Judging yourself for having a lapse doesn’t get you anywhere. It makes you feel worse and it keeps you stuck. Instead of feeding the cycle of self-hatred, treat yourself with compassionate curiosity and start asking questions:

What need did you have in the moment that wasn’t being met? Were you feeling lonely? Sad? Depressed? Angry? Hurt? Disappointed? Rejected? Invisible? Inadequate? When you turned to behaviors to cope, what were you really looking for? Did you need to feel safe? Did you need a way to express your feelings? Did you need to feel seen and heard? Did you need a distraction? Comfort? Control? How could you have gotten that need met in a non self-destructive way? And how can you take care of yourself in the future when these triggers come up again?

You don’t have to know the answer to all of these questions right now, but it’s important to start exploring and being curious.

4. Treat yourself like you would a friend.

If you had a friend or loved one who lapsed, you wouldn’t put them down. You wouldn’t call them a failure. You wouldn’t see them as worthless. And you wouldn’t discount all the progress they had made. You would treat them with kindness and compassion. You would give them a hug, remind them of how far they’ve come, and reassure them that just because they had one lapse doesn’t mean they can’t turn things around and get back on track.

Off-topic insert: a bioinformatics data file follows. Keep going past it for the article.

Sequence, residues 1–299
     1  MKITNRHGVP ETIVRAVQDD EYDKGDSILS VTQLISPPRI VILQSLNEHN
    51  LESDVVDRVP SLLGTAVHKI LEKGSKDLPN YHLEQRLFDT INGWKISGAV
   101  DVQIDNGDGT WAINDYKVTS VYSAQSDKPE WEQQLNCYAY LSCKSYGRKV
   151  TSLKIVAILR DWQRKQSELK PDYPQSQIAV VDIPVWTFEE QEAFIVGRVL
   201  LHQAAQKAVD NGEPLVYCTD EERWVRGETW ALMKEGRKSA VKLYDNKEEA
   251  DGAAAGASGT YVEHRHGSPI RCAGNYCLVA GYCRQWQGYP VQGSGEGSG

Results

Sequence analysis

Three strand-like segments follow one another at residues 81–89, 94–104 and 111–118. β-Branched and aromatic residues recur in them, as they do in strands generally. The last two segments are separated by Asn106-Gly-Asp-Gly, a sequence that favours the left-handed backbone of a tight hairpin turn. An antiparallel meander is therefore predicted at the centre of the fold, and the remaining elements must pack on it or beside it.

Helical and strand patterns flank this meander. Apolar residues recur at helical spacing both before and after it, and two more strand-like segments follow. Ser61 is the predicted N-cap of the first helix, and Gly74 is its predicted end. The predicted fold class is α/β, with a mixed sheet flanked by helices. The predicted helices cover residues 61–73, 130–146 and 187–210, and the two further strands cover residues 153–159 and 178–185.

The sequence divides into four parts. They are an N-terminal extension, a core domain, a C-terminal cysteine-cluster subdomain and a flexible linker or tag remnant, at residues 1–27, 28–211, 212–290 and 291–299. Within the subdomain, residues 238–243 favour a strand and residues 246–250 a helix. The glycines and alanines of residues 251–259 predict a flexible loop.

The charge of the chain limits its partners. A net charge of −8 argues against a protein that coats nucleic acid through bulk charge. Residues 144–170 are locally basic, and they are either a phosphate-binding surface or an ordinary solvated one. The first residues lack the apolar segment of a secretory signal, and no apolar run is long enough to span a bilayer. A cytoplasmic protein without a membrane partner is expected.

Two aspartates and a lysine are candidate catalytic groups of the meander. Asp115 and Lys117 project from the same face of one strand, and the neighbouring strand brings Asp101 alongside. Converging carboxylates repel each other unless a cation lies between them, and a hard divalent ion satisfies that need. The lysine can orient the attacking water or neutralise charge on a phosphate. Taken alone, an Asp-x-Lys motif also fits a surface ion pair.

Well, you’re not an exception. You deserve to be treated with the same forgiveness and love you would so willingly give to anyone else who was struggling. So when your self-hating thoughts get loud and tell you that you’re a failure for lapsing, challenge them. And if in the moment it’s difficult to be nice to yourself, think of what you would say to someone you care about and apply those positive counters to your own thoughts. 

5. Reach out.

Don’t isolate and withdraw. It may feel safer, but it only perpetuates the pain you feel and keeps you stuck. In order to get back on track, you have to talk about what happened. You have to be honest with yourself and your support network. You have to give yourself permission to ask for help, use your voice, and make your needs known. Keeping secrets keeps us sick. If we want to heal, we have to break the silence. 

6. Get extra support.

If you’re struggling, you deserve to ask for help. Denying yourself extra support when things start going down hill isn’t noble or self-sacrificing. It’s self-destruction, and it’s a sure-fire way to put yourself at risk for another lapse. There is nothing shameful about asking for more help. It doesn’t make you weak. It doesn’t make you a disappointment. And it doesn’t make you a burden. It makes you someone with the courage to be honest and the strength to make recovery a priority. It makes you determined and admirable and brave. It’s self-care and in order to get back on track and heal, it’s imperative

7. Focus on progress, not perfection. 

One lapse does NOT discount all of the days you went without using behaviors. It doesn’t make you weak or incapable or inadequate. It doesn’t make you a failure or erase your progress, and it definitely doesn’t mean you can’t get better. All a lapse means is that you were hurting so deeply and didn’t know how else to cope. It was a bad decision, but it doesn’t make you a bad person. It makes you human. The lapse was just a bump in your road to recovery, but it doesn’t mean you have to start all over. You’re just continuing your journey right where you left off. So don’t give up. You will get to where you need to be in your own time. Until then, breathe, be patient, and trust that as long as you keep pushing forward, reaching out for help, and picking yourself back up, no matter how many times you lapse, you can and will recover.